Freek Wambacq at Objectif

November 13th, 2013


Opening door, closing door (in the desert) Plantentuin, Leopoldstraat 24, 2000 Antwerp (door handles)

Artist: Freek Wambacq

Venue: Objectif, Antwerp

Exhibition Title: Rain After Snow

Date: September 14 – October 26, 2013

Click here to view slideshow

Rain after snow Objectif Exhibitions, Kleine Markt 7-9/26, 2000 Antwerp (salt, cornstarch)

Spontaneous glass breakage Thissen Biljards, Van Wesenbekestraat 51-55, 2060 Antwerp (bar chimes, whiskey bottles)

Sudden gusts of wind Basic-Fit, Oudaan 15, 2000 Antwerp (nylon cloth, bicycle)

Full gallery of images, press release and link available after the jump.

Images:

Images courtesy of Objectif, Antwerp. Photos by Isabelle Arthuis.

Press Release:

Sound is a reflective medium. It requires space. And sound, once sited in space, gains resonance, disseminates, and creates context. It’s a trail to follow.

Starting from the ground floor at Objectif Exhibitions, Freek Wambacq’s solo exhibition Rain after snow will echo throughout Antwerp through subtle interventions within more than a dozen different locations. A “landslide” at the National Bank, “gunfire” at the library, “rustling leaves” at the hearing aid shop—Wambacq installs sounds in charged sites, yet in an understated way. The sounds, however, are only implied.

For Rain after snow, Wambacq departs from his well-known series of tabletop still lives, which comprise common household objects selected for their uncommon usage in the production of cinematic sound effects. Within a controlled “Foley” studio environment, a stack of gloves becomes a flock of birds; a battery-powered sex toy becomes an earthquake; soggy antelope skins become oily brushstrokes; or a stalk of celery becomes a cracking human femur. Yet by arranging these objects into suggestive configurations, Wambacq focuses primarily on their sonic potential, rather than their visual allure, as well as on their relative linguistic capacities—alliteration, onomatopoeia, puns and, in particular, their narrative potential.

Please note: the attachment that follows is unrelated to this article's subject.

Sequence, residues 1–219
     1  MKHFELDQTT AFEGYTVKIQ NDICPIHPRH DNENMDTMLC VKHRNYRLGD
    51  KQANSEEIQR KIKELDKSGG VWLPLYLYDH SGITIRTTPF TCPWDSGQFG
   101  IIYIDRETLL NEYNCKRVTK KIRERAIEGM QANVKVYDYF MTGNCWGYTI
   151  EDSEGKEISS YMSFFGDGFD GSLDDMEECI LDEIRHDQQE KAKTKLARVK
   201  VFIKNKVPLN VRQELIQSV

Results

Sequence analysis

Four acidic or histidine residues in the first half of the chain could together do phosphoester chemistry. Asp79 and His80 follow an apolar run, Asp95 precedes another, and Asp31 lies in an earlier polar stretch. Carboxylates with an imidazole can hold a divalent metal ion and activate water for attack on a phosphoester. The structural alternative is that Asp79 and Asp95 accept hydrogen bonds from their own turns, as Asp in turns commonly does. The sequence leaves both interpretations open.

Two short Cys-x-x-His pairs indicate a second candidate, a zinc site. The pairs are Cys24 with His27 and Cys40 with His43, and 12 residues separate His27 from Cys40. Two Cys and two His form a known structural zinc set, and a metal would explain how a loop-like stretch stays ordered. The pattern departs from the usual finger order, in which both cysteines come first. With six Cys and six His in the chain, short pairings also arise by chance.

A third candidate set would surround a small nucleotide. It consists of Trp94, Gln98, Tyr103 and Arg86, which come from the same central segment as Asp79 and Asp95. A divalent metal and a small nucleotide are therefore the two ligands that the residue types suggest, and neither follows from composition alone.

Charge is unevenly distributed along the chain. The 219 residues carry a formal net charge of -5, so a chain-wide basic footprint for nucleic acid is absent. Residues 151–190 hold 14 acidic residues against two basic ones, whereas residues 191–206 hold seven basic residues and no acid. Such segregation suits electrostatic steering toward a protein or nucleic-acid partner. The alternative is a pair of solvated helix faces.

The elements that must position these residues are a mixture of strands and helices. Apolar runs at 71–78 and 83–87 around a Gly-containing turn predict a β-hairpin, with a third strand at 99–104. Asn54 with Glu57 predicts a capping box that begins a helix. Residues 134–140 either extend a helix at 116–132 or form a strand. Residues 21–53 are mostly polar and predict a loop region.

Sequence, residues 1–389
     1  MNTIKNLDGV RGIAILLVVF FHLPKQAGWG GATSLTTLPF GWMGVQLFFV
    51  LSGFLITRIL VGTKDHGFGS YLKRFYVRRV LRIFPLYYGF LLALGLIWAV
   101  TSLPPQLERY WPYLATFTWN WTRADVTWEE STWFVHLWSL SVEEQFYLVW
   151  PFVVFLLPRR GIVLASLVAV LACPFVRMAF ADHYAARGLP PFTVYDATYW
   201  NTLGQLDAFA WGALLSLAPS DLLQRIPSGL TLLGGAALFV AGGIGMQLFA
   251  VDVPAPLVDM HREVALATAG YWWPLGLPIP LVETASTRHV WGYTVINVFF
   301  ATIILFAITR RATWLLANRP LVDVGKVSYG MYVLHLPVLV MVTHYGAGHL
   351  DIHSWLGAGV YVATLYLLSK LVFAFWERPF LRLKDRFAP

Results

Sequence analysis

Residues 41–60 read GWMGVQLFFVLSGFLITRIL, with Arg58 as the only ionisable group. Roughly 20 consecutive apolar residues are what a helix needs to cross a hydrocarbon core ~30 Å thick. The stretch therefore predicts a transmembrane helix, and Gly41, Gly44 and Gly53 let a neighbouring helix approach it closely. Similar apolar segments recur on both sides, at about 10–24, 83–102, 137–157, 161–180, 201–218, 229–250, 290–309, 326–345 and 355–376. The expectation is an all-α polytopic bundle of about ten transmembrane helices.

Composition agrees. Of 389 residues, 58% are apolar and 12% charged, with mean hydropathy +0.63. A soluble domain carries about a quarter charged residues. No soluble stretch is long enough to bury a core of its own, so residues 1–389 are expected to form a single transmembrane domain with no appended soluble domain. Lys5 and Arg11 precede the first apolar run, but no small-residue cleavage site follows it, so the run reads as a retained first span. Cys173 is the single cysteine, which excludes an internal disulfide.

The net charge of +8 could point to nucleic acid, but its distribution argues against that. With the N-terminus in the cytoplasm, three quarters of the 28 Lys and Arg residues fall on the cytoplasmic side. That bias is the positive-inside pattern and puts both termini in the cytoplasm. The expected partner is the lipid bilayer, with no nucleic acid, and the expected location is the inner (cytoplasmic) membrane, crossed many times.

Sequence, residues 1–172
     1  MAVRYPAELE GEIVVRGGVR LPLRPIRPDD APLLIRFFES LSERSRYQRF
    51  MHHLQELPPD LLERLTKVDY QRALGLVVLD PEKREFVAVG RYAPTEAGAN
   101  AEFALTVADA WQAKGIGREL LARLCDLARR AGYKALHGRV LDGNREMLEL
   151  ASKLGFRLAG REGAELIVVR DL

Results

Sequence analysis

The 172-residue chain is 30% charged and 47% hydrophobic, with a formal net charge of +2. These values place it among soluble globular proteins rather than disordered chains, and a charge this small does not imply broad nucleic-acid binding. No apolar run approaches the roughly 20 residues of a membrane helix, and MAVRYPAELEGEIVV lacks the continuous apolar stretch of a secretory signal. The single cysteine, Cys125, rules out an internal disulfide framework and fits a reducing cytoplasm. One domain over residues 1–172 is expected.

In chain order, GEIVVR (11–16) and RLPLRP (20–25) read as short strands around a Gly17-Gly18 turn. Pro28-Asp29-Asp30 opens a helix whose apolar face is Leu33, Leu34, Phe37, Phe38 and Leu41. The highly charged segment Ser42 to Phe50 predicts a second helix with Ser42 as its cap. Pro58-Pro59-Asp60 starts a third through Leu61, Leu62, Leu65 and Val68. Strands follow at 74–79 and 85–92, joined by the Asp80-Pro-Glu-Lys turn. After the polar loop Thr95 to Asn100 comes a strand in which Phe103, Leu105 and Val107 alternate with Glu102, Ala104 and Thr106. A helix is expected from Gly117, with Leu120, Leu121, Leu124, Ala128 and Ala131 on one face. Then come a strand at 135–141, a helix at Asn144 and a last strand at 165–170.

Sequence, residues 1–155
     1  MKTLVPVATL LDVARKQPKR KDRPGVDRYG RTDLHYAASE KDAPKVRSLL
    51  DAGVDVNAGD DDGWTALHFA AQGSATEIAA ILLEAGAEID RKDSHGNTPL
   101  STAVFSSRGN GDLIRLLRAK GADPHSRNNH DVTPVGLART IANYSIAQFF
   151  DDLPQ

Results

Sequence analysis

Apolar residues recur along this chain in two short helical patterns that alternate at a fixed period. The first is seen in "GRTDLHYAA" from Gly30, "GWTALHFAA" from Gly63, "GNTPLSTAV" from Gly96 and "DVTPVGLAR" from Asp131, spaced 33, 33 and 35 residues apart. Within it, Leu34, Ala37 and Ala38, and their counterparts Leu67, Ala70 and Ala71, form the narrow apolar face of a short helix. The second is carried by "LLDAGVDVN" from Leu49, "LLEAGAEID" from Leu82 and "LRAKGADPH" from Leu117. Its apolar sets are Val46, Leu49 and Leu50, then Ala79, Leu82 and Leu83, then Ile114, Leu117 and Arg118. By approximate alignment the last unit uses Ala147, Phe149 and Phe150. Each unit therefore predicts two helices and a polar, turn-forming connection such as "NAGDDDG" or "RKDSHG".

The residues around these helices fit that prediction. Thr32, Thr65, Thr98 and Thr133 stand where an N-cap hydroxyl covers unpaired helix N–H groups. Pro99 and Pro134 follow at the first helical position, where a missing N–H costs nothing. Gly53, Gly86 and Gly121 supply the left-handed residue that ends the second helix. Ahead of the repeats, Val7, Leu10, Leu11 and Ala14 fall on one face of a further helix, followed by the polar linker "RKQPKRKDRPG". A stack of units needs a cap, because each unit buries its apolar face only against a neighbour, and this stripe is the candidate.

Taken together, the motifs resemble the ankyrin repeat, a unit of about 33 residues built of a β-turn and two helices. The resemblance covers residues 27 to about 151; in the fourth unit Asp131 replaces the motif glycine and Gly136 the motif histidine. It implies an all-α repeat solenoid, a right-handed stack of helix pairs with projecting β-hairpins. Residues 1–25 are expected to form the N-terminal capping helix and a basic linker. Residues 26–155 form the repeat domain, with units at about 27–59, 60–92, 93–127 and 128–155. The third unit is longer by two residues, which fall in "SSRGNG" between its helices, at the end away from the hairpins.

Here, there, and there, Wambacq pushes them off the table and onto a map, which can be followed through an archipelago of generative contextual pairings. When rain follows snow, it can be a slippery affair, but these slippages in meaning—and attention—are where a walk becomes something far more ambulatory than locomotion.

Link: Freek Wambacq at Objectif

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